Fail to prepare for your business, means preparing to fail
JOHN Smith was let go from his job as a management consultant in 2009 but has since identified a niche market and set-up a successful company, Dublin-based Fitzwilliam Ltd, employing three people.
In these recessionary times when margins are constantly being squeezed, trimming the cost base and maintaining a close watch on cashflow is key to optimising performance.
Here are five lessons almost anybody can learn from John.
1. Free online advertising
John, as a tech savvy entrepreneur, has decided to make use of the free and highly penetrative advertising medium available online.
The main ones that John uses to promote his company are the social media sites, Facebook and Twitter.
John is able to update his customers immediately to new products and services available just by updating his Facebook page and by 'tweeting' to all of his followers.
He is also gaining increasing exposure and building up his contact base through using business social networking page LinkedIn. Finally, to keep customers updated as to future products and current offers he also has a blog updated regularly on the company website.
Once this is updated, then alerts are sent out from his Twitter account and also posted on his Facebook page.
2. Financial adviser
Having the right financial support is vital -- running a business is difficult at the best of times and trying to get a handle on complex financial issues and mandatory business returns is almost impossible without the right people behind you.
John knows his business and it is his main priority to continue to grow the business.
His job is not to be doing the books each evening and processing invoices. From the start, John appointed an accountant and tax adviser who takes care of all of the financial matters, from keeping the financial accounts to preparing the various returns that have to be completed e.g. company tax returns, payroll returns and personal tax returns.
The 'paperless' office is a term that has been touted around for quite a while now without ever actually ever happening. We have all worked in offices surrounded by mounds of paper!
However, for John and the employees of Fitzwilliam technology really can make a difference.
John and his employees have started to cut storage and paper costs by trying where possible to scan in documents and using email to send documents rather than by post or couriers.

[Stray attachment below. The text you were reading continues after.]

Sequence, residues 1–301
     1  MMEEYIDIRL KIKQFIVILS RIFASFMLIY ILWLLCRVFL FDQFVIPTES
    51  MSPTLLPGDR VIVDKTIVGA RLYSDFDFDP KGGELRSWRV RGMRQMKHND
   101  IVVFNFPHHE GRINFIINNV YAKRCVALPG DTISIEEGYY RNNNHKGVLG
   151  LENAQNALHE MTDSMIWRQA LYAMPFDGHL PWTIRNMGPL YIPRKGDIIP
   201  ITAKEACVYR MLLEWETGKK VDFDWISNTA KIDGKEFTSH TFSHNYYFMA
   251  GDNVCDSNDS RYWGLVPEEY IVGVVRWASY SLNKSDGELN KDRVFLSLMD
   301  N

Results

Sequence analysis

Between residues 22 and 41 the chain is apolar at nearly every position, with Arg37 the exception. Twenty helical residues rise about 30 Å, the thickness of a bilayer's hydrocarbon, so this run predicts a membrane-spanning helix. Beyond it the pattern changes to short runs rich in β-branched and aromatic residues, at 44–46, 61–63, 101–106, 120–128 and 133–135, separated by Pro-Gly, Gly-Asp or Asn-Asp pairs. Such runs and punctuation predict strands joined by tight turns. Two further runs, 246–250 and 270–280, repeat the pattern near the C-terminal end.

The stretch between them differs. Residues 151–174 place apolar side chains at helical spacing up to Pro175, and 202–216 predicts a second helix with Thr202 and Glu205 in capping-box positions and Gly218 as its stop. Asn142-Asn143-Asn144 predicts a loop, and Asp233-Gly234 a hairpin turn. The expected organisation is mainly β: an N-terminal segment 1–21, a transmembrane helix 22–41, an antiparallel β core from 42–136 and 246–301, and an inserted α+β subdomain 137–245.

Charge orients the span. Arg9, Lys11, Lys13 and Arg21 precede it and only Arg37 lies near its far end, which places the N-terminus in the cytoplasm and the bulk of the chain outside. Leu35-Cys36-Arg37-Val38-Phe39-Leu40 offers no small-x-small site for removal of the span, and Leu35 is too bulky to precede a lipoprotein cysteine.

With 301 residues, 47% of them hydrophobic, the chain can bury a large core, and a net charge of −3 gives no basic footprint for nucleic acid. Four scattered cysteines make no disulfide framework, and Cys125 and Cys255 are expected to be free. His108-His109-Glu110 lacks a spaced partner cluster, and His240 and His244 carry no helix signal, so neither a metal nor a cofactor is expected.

A very handy tool, which John's personal assistant uses, is Adobe PDF995 which is a free tool that allows you to turn any document into a pdf which can then be emailed to their clients.
He then knows that it has definitely been sent to the client and also that it was free!
There is also an increasingly large movement of computer programmers who believe in challenging the dominance of companies like Microsoft and they are providing 'Open Source' software, (www.openoffice.org). John has his entire office using this software, which is an equally usable version of the suite of products in Microsoft Office (Word, Excel, PowerPoint) and saves a lot of money on licence fees in the meantime.
Finally, John has a number of international clients and contacting them by telephone is quite expensive.
However Skype, the phone program which uses the internet can be used for conference calls and has significantly reduced landline costs.
There is a variety of ways that one can set-up in business. The main structure used when setting up a new business is either as a sole-trade or as a limited company. In previous articles, I detailed the pros and cons of each of these structures.
Briefly, if a business will be making more net profit than you need as a salary, then a company set-up is the optimal route.
As John had identified a potentially profitable niche market and also had intended employing a number of people, he correctly chose to set-up in business as a limited liability company. For anyone starting out in business, this is a crucial decision to make correctly.
Cashflow is the lifeblood of any business, and keeping a handle on it is crucial.
As we enter into a new year, it is vital to plan ahead for cash which is needed to invest in your business on a medium to long term basis. Stock has to be purchased and paid for, credit given to customers, wages and expenses paid on a timely basis.
This requires budgetary planning to show cash inflows and outflows on a monthly basis. In summary, if you keep your costs under control and monitor cash flow carefully then profits will be maximised.
It is crucial to do this within the correct structure and with the best advice. Remember that if you fail to prepare then you prepare to fail.
Simon Ball is the founder of SB Tax Consultants and an associate of the Irish Taxation Institute. He worked for over six years with tax firm BDO Simpson Xavier and specialises in the areas of corporate and personal tax planning work and the preparation and filing of returns for both companies and individuals. He can be found at www.sbtaxconsultants.com